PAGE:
Rescued Leatherback Turtle Released Today in South Carolina

Leatherback turtle
Yawkey the leatherback turtle enters the South Carolina surf. (Image credit: South Carolina Aquarium)

A huge sea turtle found stranded on a remote South Carolina beach over the weekend was returned to the wild today (March 12).

The nearly 500-lb. (215 kilograms) leatherback turtle was rescued Saturday (March 7) on Yawkey-South Island Reserve, a barrier island near Georgetown, suffering from low blood sugar and exhaustion. State wildlife officials said it took five people to lug the teenage turtle off the beach and onto a wood platform specially built to carry it to the South Carolina Aquarium's Sea Turtle Hospital in Charleston. 

The rare leatherback shuffled back into the Atlantic under its own power Thursday afternoon, on a sandy beach in Isle of Palms, South Carolina. The aquarium kept the release secret to ensure the turtle's safety, said Kate Ditloff, the aquarium's public relations manager. [See Photos of the Incredible Leatherback Turtle Rescue]

The endangered reptile is the first of its kind ever rescued alive in South Carolina, and one of only a handful of live leatherback rescues in the United States, according to the South Carolina Department of Natural Resources. Leatherback sea turtles migrate northward along the East Coast during spring and are currently nesting offshore Florida.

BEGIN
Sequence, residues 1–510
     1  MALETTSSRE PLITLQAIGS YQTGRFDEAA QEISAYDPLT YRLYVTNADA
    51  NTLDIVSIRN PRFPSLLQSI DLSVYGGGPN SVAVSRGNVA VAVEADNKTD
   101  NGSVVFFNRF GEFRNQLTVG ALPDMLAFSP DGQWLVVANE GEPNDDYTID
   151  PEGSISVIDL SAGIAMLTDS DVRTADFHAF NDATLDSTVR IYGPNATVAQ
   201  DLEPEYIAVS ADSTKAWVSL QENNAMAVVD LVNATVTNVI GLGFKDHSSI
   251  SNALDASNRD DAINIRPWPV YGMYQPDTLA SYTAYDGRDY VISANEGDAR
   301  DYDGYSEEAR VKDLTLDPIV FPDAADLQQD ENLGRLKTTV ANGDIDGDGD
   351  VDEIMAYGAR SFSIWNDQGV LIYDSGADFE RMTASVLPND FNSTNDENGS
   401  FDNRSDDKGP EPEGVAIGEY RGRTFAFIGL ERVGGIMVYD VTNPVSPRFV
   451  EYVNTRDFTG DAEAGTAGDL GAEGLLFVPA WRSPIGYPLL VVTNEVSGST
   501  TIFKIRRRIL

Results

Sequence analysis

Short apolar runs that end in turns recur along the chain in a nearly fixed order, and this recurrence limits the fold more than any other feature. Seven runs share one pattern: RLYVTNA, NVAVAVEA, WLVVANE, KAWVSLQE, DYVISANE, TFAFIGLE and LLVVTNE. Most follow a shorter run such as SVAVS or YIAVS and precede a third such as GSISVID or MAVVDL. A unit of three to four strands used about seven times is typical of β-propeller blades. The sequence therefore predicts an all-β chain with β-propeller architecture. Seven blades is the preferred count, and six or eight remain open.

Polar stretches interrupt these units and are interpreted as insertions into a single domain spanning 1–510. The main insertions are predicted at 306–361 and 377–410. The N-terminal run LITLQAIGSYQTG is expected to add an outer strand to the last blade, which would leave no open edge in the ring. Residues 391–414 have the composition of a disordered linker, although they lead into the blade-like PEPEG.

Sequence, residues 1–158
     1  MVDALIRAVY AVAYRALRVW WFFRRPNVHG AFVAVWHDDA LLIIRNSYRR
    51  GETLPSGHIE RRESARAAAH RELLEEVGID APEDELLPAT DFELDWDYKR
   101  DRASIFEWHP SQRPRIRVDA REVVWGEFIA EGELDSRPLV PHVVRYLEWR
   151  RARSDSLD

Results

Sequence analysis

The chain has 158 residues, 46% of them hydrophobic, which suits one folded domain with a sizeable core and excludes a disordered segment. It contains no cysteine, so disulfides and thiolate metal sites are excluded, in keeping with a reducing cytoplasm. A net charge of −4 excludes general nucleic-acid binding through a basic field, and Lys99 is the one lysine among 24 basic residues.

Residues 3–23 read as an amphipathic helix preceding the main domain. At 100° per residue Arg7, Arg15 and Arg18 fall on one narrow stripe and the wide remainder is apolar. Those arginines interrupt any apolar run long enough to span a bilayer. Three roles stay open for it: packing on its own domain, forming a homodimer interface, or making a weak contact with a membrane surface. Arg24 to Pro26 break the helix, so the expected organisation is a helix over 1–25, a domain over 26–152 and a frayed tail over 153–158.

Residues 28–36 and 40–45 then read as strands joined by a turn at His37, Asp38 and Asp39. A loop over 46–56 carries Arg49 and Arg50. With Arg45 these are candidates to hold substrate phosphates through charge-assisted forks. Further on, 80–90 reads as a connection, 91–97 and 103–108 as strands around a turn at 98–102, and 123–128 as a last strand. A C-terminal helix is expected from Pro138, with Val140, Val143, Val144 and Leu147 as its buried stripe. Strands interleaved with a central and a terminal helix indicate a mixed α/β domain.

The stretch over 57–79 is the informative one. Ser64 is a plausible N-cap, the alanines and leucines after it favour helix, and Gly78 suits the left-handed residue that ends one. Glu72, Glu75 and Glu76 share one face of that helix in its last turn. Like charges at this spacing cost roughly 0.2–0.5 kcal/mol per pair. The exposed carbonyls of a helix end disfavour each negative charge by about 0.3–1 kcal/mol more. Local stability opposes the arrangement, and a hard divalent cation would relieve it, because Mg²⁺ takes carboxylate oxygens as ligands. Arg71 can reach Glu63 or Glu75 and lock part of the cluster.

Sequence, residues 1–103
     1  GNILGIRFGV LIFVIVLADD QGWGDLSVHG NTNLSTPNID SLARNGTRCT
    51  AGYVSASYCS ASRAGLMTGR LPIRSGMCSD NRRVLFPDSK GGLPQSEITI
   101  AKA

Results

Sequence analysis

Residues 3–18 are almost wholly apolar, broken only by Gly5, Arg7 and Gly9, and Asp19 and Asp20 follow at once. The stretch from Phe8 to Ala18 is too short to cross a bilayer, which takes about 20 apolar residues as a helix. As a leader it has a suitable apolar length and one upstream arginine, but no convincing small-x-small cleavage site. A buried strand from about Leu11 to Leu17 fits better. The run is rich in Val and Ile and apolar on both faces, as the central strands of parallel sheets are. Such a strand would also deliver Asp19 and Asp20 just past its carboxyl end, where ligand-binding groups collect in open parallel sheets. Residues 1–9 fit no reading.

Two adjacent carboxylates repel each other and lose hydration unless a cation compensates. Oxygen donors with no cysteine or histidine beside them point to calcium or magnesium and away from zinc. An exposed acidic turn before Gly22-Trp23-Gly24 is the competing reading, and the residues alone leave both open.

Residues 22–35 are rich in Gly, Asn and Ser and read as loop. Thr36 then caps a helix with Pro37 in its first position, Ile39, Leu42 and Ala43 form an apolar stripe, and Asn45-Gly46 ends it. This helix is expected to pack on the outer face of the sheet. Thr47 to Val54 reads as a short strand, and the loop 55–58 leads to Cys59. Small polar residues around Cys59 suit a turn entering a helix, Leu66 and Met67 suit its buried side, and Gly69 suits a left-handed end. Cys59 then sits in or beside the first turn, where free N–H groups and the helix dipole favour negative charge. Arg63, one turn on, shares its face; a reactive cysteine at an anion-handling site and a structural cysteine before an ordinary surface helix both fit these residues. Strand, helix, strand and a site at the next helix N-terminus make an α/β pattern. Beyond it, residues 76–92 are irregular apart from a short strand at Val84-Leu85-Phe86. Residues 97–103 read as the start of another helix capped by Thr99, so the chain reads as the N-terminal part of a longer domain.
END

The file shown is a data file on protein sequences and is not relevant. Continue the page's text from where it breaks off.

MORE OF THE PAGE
Named Yawkey, the turtle was treated for its low blood sugar and a possible intestinal blockage, and also received vitamins and antibiotics to combat any possible infections. Biologists estimated that Yawkey is about 10 to 15 years old.

Because leatherbacks fare poorly in captivity, aquarium staff planned to release the rescued turtle as soon as possible, aquarium representatives said earlier this week. Yawkey was acclimated to cool water temperatures and tagged with a microchip and flipper tags before the turtle's release, they said.

The leatherback turtle is the largest of all turtles and one of the largest living reptiles. They are named for their shell, which is a leathery carapace instead of the hard shell found on other turtle species. The leatherback's big body, large flippers and light carapace are designed for long-distance ocean travel. Adults live in the open ocean, and populations in the Pacific and Atlantic Oceans regularly cross back and forth between continents, from nesting sites to feeding areas.

The Pacific and Southwest Atlantic leatherback populations are considered critically endangered and are protected under the federal Endangered Species Act.

Leatherbacks feed almost exclusively on soft-bodied ocean creatures, such as jellyfish and squid, and often mistake floating plastic bags for their favorite food. Swallowing the bags can kill them. Sea turtles are also often caught in fishing gear, which traps them below the surface, where they drown. People also harvest leatherback eggs for food, which has decimated their population in some regions.

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Becky Oskin
Contributing Writer
Becky Oskin covers Earth science, climate change and space, as well as general science topics. Becky was a science reporter at Live Science and The Pasadena Star-News; she has freelanced for New Scientist and the American Institute of Physics. She earned a master's degree in geology from Caltech, a bachelor's degree from Washington State University, and a graduate certificate in science writing from the University of California, Santa Cruz.